The Poisoner's Handbook

Author : Maxwell Hutchkinson
Publisher : Loompanics Unltd
Page : 88 pages
File Size : 34,70 MB
Release : 1988
Category : Medical
ISBN : 9780915179732

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This is our blood and guts section. These books are the most gruesome and terrifying of any in our entire catalog. Enjoy! One of the most gruesome books ever printed. Covers poisons and how to use them, including: -- Plant Poisons -- Animal Toxins -- Chemical Poisons -- Terrible Poisons -- Lethal Drugs -- Poisonous Gases -- And More. Also Covers some methods of delivery and antidotes.

Ghost Hunters

Author : Deborah Blum
Publisher : Penguin
Page : 388 pages
File Size : 45,80 MB
Release : 2007-05-29
Category : Body, Mind & Spirit
ISBN : 9780143038955

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The Pulitzer Prize-winning author of The Poision Squad and The Poisoner's Handbook tells the amazing story of William James's quest for empirical evidence of the spirit world What if a world-renowned philosopher and professor of psychiatry at Harvard suddenly announced he believed in ghosts? At the close of the nineteenth century, the illustrious William James led a determined scientific investigation into "unexplainable" incidences of clairvoyance and ghostly visitations. James and a small group of eminent scientists staked their reputations, their careers, even their sanity on one of the most extraordinary quests ever undertaken: to empirically prove the existence of ghosts, spirits, and psychic phenomena. What they pursued—and what they found—raises questions as fascinating today as they were then.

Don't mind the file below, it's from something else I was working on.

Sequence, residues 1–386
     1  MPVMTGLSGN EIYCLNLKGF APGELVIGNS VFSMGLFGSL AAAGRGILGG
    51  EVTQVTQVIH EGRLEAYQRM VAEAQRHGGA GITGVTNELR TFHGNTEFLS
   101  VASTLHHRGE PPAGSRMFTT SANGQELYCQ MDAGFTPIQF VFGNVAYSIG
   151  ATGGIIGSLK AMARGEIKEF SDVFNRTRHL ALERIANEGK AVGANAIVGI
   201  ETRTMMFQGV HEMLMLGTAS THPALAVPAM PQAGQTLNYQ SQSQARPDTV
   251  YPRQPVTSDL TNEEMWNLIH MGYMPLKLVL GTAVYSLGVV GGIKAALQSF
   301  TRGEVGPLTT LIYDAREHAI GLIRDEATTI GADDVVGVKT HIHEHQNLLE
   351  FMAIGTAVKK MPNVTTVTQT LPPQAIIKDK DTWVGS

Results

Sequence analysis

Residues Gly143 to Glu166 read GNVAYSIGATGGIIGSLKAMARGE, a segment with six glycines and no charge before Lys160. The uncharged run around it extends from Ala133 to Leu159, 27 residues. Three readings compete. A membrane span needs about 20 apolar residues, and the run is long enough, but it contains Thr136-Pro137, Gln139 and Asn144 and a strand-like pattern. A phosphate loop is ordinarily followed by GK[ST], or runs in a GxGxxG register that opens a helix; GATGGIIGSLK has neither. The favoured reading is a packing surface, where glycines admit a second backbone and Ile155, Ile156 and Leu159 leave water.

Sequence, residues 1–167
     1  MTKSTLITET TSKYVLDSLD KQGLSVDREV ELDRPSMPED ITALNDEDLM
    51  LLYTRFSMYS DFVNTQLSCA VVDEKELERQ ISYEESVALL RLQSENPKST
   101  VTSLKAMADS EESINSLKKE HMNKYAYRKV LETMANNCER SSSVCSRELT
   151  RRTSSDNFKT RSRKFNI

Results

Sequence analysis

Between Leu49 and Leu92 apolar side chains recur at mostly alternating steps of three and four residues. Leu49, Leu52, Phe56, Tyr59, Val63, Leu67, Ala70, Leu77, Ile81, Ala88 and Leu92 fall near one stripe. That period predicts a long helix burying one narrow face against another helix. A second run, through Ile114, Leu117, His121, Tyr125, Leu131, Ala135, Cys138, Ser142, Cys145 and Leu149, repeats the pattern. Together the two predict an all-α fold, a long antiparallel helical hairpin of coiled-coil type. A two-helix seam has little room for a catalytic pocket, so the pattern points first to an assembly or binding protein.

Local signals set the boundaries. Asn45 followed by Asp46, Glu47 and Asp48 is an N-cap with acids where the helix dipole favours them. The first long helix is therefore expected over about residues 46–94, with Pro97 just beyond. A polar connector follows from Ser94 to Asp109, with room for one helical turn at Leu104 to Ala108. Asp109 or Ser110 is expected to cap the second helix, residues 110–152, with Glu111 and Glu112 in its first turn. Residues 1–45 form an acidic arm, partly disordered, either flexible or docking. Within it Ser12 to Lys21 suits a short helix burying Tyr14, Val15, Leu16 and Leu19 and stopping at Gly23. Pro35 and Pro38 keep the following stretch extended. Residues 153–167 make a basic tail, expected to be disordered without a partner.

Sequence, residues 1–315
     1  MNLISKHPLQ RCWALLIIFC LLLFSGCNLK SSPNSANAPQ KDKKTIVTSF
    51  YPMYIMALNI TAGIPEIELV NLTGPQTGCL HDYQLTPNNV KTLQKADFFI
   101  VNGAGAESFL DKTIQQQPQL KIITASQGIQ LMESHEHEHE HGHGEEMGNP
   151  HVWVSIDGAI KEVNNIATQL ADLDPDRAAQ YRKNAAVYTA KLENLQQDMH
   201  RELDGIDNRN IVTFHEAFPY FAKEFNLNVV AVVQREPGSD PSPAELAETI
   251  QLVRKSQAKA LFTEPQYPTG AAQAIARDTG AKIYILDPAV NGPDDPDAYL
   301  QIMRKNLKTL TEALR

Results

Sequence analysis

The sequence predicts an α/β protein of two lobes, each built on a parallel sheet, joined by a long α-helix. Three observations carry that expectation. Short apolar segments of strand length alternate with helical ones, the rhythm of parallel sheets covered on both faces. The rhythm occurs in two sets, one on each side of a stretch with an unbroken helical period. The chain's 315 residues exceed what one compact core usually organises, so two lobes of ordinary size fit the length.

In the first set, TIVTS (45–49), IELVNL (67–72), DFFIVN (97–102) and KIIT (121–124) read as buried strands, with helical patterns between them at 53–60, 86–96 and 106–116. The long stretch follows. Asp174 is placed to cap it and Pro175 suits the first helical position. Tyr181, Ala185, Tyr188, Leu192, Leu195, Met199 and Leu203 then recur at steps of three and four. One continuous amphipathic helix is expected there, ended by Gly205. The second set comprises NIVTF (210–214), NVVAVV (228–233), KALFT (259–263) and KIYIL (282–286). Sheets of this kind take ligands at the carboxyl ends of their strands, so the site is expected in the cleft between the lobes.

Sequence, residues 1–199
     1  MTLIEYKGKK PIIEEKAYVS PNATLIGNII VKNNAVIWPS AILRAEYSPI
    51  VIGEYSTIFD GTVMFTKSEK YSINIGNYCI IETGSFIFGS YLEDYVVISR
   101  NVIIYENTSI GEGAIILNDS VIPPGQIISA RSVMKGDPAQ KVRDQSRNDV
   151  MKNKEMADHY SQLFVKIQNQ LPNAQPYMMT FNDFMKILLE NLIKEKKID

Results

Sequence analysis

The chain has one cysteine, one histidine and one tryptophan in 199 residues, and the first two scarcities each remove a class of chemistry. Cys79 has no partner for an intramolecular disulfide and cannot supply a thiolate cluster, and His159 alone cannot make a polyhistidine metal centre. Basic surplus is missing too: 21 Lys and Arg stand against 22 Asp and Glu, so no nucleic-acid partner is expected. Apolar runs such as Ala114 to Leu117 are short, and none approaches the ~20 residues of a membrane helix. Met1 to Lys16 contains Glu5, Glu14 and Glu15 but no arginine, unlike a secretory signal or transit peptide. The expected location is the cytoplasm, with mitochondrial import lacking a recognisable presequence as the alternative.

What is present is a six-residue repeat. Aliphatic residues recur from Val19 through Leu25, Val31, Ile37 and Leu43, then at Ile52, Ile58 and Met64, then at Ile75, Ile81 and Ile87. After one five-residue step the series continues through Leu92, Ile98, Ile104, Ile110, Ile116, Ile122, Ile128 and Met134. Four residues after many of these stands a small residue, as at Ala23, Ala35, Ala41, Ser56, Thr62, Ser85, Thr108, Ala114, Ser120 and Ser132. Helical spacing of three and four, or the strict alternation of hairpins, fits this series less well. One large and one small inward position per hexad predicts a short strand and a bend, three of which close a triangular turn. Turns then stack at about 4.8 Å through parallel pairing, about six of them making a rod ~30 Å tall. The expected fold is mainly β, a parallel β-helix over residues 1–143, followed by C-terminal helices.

Molecules of Death

Author : Rosemary H. Waring
Publisher : Imperial College Press
Page : 455 pages
File Size : 20,69 MB
Release : 2007
Category : Medical
ISBN : 1860948146

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This book has been developed over many years from several popular courses taught to students at both Birmingham and London universities. It provides an important step in introducing principles and concepts within the field of toxicology. The underlying mechanisms of toxicity are highlighted through examples taken from gases, minerals, plants, fungi, bacteria, marine creatures, industrial chemicals and pharmacological agents.In this second edition, the text has been completely revised and expanded with the addition of six new chapters ? carbon monoxide, hydrofluoric acid, lead, mushroom, toxins, paracetamol, paraquat and diquat. Each chapter is self-sufficient, enabling readers to dip into chapters of interest at random without any lack of understanding. The book is informative, with numerous clinical details, and will appeal to those who wish to delve into this fascinating subject.

The Sirens of Mars

Author : Sarah Stewart Johnson
Publisher : Crown
Page : 304 pages
File Size : 26,84 MB
Release : 2020-07-07
Category : Science
ISBN : 1101904828